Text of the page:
• Collin McLoud Apr 9, 2015
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    I won't argue that more money would be helpful but I will say that isn't the top priority. Parents need to be more involved in their child's education. Parents that don't care normally have children that don't care. Tax breaks for businesses is a good idea considering they are the one's creating jobs. We need to make our state appealing to businesses. I have seen 3 major employers shut their doors in my area and taking 4k jobs with them. That's 4k people not paying taxes to help fund the schools. We also need to put the NC Education Lottery fund where it is suppose to go. Just before leaving office, our lovely Bev Purdue took those funds to balance the budget and then wanted to raise our taxes to fund the schools.

  • Jeremy Krause Apr 9, 2015
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    What it takes is more accountability placed on the students themselves. Children need concrete short term rewards for meeting standards and tangible consequences for not meeting standards. Until policies (and funding) are in place to teach children the importance of education, they will perceive all schooling simply as optional recommendations. Our current system has taught them for many years that they can perform well or under perform and get the same result: A pat on the back and promotion to the next grade.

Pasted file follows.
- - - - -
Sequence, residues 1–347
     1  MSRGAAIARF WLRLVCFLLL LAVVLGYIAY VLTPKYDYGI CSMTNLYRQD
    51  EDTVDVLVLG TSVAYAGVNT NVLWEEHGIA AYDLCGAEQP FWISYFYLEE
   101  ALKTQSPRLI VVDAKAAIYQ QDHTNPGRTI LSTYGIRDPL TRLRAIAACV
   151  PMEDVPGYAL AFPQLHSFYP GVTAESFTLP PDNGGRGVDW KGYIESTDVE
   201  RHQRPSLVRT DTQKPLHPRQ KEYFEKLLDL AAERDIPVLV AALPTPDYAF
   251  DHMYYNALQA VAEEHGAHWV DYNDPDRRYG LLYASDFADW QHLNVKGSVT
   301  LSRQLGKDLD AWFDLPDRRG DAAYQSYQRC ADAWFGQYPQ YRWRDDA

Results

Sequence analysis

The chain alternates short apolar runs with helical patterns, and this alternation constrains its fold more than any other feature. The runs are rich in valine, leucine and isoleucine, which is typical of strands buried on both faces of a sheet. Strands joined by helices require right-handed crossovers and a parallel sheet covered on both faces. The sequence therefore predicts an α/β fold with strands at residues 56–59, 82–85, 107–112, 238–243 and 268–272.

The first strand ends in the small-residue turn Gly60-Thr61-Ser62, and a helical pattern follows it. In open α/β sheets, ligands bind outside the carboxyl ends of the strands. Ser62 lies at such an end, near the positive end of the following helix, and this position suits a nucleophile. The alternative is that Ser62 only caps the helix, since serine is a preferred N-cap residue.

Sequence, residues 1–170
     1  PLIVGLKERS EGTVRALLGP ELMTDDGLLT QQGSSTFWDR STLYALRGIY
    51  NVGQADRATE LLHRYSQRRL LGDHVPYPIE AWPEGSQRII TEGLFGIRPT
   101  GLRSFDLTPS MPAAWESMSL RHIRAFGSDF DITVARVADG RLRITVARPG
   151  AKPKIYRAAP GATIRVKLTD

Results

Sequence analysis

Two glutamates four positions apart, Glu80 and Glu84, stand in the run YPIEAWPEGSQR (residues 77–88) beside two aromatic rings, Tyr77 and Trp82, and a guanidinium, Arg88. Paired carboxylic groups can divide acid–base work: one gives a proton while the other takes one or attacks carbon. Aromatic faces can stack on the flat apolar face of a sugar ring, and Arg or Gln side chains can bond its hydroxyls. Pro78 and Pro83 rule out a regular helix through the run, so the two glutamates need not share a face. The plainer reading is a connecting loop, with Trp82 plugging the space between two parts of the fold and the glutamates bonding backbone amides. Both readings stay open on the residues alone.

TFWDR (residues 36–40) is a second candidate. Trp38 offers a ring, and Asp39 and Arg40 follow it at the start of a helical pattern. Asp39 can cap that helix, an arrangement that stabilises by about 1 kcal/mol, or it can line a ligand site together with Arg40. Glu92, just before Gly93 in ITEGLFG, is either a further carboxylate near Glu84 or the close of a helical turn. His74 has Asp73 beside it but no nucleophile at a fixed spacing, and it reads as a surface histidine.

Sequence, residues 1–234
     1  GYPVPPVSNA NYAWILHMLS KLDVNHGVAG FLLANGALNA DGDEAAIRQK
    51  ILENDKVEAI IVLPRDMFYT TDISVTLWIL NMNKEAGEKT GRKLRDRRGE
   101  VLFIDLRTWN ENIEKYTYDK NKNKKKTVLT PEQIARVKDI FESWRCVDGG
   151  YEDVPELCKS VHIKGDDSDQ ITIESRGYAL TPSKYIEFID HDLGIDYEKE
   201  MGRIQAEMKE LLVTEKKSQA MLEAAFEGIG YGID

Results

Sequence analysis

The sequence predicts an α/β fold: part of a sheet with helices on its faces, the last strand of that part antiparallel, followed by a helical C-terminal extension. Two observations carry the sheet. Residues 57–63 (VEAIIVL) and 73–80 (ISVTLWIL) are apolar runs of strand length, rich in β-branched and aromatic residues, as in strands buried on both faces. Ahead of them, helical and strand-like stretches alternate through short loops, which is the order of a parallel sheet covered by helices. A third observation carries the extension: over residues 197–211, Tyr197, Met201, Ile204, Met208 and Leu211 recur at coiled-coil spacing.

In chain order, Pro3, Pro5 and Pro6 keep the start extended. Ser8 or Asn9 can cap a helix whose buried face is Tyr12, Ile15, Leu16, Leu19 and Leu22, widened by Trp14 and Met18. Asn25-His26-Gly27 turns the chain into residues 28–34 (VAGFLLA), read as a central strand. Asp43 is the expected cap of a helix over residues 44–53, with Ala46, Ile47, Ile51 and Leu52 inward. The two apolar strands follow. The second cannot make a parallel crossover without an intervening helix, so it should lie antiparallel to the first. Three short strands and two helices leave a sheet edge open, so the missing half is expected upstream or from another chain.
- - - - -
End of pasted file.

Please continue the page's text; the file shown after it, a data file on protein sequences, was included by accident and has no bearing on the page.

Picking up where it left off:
• Mary Zulch Apr 8, 2015
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    What it takes is more funding...more money. If the only thing our state sees is shifting money for less for education and more for tax breaks business...than business will suffer. Who wants to bring their children to a state that ranks in the lowest 8% of educational quality? No one i know. I tell everyone I know to stay away.

  • Donna Rasmussen Apr 8, 2015
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    The NC Education system should be asking these other successful states how they are being successful and what they are doing to be successful in educating their K-12 grade students in the public system. If the processes here are not working to educate these children, then research for the better solution in the other states. Find out why they are succeeding. Does that not make sense??